Erdogan Made Turkey Premier US Waits on Troops

ANKARA–March 14 (Reuters) – Ruling party leader Tayyip Erdogan was installed as Turkish prime minister on Friday–keeping U.S. hopes alive that Turkey might approve deployment of American troops for an invasion of Iraq.

But outgoing foreign minister Yasar Yakis indicated that any parliamentary vote on the U.S. troop deal would only occur after a government vote of confidence–meaning a motion was unlikely to be presented until late next week at the earliest.

There is also no guarantee that such a plan–if submitted–would be approved.

"After a vote of confidence is taken I believe the prime minister will learn the leanings of deputies in the party and he will make a decision about whether it is appropriate or not to send the motion to parliament,” Yakis told reporters.

Erdogan–who backed a failed attempt to win parliamentary approval for U.S. troops two weeks ago–presented a cabinet list to President Ahmet Necdet Sezer. Sezer approved the lineup–formally establishing Erdogan as premier with full powers.

The move followed a day of confusion likely to have dismayed U.S. officials–who see time running out for a decision on troops. Erdogan first said he might set up his government on Friday–then declared he would not see Sezer–then finally presented his list in late afternoon.

The uncertainty unsettled financial markets–but Erdogan joked to reporters about the "surprise” he had sprung on them.

The United States–which sees a northern front launched from Turkey as key to speeding victory over Baghdad by forcing it to fight on two fronts–has been pressing Ankara for a decision as its troops mass in the Gulf for action that could be days away.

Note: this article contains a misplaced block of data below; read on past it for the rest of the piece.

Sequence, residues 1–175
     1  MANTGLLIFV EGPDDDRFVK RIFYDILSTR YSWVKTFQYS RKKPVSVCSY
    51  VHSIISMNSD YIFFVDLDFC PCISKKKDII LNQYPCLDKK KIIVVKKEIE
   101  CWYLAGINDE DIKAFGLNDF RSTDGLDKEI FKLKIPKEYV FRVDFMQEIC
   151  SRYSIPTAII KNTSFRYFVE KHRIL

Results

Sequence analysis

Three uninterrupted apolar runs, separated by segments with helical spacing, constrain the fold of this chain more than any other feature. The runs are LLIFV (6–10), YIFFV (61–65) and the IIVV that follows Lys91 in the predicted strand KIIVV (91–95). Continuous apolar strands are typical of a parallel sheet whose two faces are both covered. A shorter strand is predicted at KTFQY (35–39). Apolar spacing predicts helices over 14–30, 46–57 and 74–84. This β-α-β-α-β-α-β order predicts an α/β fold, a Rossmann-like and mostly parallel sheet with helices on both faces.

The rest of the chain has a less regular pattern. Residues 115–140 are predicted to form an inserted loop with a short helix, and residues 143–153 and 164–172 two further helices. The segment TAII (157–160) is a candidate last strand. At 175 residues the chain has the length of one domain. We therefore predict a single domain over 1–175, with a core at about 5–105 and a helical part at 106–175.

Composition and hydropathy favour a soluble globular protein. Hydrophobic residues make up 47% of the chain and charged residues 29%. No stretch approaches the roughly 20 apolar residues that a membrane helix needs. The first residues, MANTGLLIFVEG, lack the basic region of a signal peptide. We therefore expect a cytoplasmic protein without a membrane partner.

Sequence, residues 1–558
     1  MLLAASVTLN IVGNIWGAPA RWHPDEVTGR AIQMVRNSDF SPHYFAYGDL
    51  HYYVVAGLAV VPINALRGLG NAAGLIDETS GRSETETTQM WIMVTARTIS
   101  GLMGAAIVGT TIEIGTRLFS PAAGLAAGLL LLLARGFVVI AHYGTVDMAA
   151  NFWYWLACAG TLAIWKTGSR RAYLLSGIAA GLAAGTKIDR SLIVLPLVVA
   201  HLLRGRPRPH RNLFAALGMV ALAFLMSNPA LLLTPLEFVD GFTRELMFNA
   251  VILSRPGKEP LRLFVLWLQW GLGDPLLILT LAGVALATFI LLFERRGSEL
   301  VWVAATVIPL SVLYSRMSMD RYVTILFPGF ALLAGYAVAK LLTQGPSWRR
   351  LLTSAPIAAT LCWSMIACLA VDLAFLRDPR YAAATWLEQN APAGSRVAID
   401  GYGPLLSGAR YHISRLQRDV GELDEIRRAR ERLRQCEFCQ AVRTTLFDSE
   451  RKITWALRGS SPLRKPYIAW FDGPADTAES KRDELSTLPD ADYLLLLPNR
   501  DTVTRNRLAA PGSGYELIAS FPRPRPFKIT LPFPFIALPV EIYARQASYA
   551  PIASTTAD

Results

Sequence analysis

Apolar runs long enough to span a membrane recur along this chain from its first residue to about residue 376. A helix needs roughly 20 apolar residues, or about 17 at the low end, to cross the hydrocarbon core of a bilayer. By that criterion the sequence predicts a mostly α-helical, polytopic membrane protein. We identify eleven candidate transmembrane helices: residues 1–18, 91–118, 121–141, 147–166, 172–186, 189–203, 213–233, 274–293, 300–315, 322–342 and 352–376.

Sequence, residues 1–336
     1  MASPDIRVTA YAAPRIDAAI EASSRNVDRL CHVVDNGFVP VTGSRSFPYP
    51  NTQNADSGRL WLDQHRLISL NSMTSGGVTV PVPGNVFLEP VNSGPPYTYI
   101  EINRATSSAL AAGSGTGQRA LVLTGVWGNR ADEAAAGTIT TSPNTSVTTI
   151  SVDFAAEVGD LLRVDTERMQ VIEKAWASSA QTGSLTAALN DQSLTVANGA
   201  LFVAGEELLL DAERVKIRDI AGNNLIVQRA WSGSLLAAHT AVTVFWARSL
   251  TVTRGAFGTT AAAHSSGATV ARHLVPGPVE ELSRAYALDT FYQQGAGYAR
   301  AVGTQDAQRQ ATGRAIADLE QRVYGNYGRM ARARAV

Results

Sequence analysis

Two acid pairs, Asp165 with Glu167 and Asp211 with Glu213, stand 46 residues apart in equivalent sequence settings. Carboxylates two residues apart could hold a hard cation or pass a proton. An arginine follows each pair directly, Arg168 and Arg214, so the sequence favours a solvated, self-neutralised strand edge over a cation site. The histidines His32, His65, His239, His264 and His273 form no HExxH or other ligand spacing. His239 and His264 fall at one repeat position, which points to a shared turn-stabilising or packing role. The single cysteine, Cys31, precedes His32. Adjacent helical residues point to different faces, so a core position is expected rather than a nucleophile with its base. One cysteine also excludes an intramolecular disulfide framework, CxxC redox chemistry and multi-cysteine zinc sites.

U.S. President George W. Bush sent a letter to Erdogan on Thursday seeking swift clarification. Erdogan also discussed Iraq in a telephone call with Vice President Dick Cheney.

"Now–Now–Now–Now” read a headline in Millyet newspaper on Bush’s letter. "USA exerting unprecedented pressure on Ankara for a war,” said the conservative Cumhuriyet newspaper.

The United States could yet abandon plans to use Turkish soil. If so–Turkey would forfeit a vital multi-billion dollar aid package to shield it against the economic impact of war.

AMERICANS’ WORST FEARS

Erdogan led his Justice and Development Party to victory in November polls but was barred from the premiership until last weekend because of a conviction for Islamist sedition.

Outgoing prime minister Abdullah Gul–a man who has amassed some authority in his dealings with foreign leaders in the last four months–was appointed foreign minister–replacing Yakis in a cabinet otherwise little changed.

As U.S. navy ships wait off Turkish shores–Erdogan could re-submit a motion on troops to parliament as early as Saturday morning. But party sources said he would probably first push for formal approval of his government programme to provide a framework of political legitimacy.

Erdogan said he would present the programme–which would take about four days to clear–"during the week”–commen’s lacking the sense of urgency Washington may be seeking.

Erdogan suffered a rebuff as party leader on March 1 when the government presented a resolution to parliament to allow 62,000 U.S. troops to deploy–plus warplanes and helicopters.

More than a quarter of his own deputies voted against the motion–reflecting public unease at supporting an attack on a neighboring Muslim state.

The powerful military intervened last week–suggesting parliament should support the United States. But Erdogan might nonetheless be reluctant to risk his authority by submitting a second motion he might yet lose.

"This is what the Americans really feared the most,” one Western diplomat said. "The Turks are not saying yes and they are not saying no. Only the Americans know how long they can wait before pulling the plug on the northern front.”

Some 10 ships loaded with armor and equipment for the Fourth Infantry Division–a body of 30,000 soldiers–waits off Turkish shores for the order either to disembark or divert southwards to the Gulf.

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